#product #team - 8 mins read

The anatomy of a user story

I was recently asked how best to decompose problems or opportunities into “work”, and then how best to define and rally around each chunk of work as it’s designed, built, tested, shipped, and measured.

This is one of the most effective things you can do to accelerate the impact that a cross-functional team can have and, whilst I've written a little about the former, I somehow haven't written anything on the latter.

So, here goes.

Workings out

“But to what end?” you may well ask. Why break things down into smaller chunks? Why have central artefacts that define what each chunk entails? What is the goal?

For me, there are three distinct reasons:

  • To enable teams to get working software in front of users sooner

Too much work in progress kills productivity. Breaking work into smaller pieces reduces this.

Doing so also gets you into the habit of shipping something regularly, and that repetition builds the collective muscle memory of the team.

  • To minimise waste

At the highest level, visualing the scope of a problem or solution enables you to clearly and intentionally focus on the highest impact areas. Working in smaller deliverables enables you to course correct or, even better, pull the plug at the earliest possible point.

An advantage of creating a user story artefact is that it clearly outlines the desired outcome and, crucially, what is not required. That clarity on both sides trims off bags of ambiguity and uncertainty which could otherwise bog the team down and result in repeated conversations and unnecessarily tumbling down rabbit holes.

  • To reduce cognitive load

Software development is an incredibly messy thing. There are many moving parts. Nobody can hold a whole problem and solution in their head, nor should we expect them to. You don’t need to document to the nth degree, but an artefact that outlines the high-level shape of a proposed problem/opportunity and likely solution, coupled with a bit more meat on the bones of each individual deliverable time and again proves invaluable.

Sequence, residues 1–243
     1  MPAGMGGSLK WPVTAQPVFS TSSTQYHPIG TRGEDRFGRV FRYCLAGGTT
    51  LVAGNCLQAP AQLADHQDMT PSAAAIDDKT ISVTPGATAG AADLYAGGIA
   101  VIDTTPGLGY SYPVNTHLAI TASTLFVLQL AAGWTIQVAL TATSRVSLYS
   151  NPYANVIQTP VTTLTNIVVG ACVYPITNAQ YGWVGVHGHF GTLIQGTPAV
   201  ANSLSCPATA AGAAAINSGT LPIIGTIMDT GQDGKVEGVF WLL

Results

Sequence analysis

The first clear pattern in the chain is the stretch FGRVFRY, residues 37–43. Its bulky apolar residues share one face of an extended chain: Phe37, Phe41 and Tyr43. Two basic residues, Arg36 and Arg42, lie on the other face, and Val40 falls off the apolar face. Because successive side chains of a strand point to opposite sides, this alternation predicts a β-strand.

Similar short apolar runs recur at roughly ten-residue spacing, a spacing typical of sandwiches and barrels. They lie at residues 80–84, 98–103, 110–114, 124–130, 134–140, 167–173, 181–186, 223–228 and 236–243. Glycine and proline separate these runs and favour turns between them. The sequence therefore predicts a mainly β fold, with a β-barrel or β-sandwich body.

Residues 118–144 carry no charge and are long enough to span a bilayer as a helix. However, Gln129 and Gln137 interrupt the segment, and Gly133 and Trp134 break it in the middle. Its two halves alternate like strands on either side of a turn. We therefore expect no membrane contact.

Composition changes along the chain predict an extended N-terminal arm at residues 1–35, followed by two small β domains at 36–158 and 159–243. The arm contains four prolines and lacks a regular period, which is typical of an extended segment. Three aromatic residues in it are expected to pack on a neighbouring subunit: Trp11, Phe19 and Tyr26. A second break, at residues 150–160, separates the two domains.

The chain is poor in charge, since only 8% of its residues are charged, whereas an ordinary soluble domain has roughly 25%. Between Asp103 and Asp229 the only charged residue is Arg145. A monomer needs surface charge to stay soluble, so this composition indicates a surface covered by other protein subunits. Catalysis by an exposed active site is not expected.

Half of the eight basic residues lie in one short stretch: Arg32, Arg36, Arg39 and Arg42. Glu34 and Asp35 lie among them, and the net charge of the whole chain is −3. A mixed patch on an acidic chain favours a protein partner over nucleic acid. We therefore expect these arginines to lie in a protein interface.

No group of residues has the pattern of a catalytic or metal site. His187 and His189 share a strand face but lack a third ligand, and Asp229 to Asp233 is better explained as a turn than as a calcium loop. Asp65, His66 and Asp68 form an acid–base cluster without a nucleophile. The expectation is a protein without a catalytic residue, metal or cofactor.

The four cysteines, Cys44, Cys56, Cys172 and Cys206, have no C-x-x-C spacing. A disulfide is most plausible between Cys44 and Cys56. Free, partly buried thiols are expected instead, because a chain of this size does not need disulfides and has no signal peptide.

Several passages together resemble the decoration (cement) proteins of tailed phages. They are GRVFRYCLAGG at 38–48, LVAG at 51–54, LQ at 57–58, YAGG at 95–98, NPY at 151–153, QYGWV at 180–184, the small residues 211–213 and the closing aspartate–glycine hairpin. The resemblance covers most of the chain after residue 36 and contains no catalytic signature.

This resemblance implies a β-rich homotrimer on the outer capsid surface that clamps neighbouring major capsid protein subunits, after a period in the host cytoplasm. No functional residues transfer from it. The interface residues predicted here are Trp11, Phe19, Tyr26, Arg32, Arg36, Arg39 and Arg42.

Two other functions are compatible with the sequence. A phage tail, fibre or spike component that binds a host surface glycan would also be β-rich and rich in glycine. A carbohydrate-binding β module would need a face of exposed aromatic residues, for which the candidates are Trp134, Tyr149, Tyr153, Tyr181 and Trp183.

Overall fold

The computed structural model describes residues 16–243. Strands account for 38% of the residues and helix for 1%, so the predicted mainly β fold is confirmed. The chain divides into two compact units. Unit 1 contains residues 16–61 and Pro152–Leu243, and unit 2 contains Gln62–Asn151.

I like the way Ant Murphy describes the concept of a "third reference point" being an accelerant to understanding and agreement - it’s exactly this principle in action.

To round this up, all three of these reasons support wider, overarching goals such as boosting team health and morale, improving external perceptions of a team, and making more of a positive impact on customer experience, ultimately in pursuit of one or more business goals.

It is, however, important to stress that these techniques are not mandatory. I’d encourage every new team to start here, and I believe every product engineering practitioner should learn how to do this if, for nothing else, to understand the thinking behind them. But they simply might not suit your team - especially mature, deep-rooted teams, highly collaborative teams. I've often found that these teams often cover all of these bases automatically with a much lighter touch.


I’d always recommend starting here. Even if you can’t or don’t want to create an artefact for each individual chunk of work, just the act of breaking something down into smaller pieces - especially if done collaboratively - can deliver incredible value. It can be the difference between delivering value in ten days rather than having to wait a hundred. It so often is the vehicle to whittle down scope and hone in on the kernel of a problem or opportunity where 80%+ of the impact actually lies.

No surprises that I’m going to hand off to my earlier story mapping article - start here if you’re new to the concept. If you want to get stuck in straight away, try our Miro story map template instead.

Story illustration

User story definition

There are many names for these. I call them user stories, or just stories. I’ve heard them called tickets, issues, tasks, work items, backlog items, product backlog items (PBIs), and product requirements definitions (PRDs).

Whatever you call them, at their core, they are just enough information to enable a cross-functional team to understand the purpose of this chunk of work, and then to go on and build, test, and release it.

Here's my starter-for-ten when I'm putting some shape around a piece of work:

ElementDescriptionExample value
TitleA snappy sentence that describes the story. Ideally in verb-noun format if possible.Update email address
DescriptionA concise, plain English summary of what we think we’ll deliverThis story covers adding in the ability to update email address in our web portal.
User storyStandard format user story to highlight who the core user(s) are, and why we’re looking to deliver this. There can be more than one.As a customer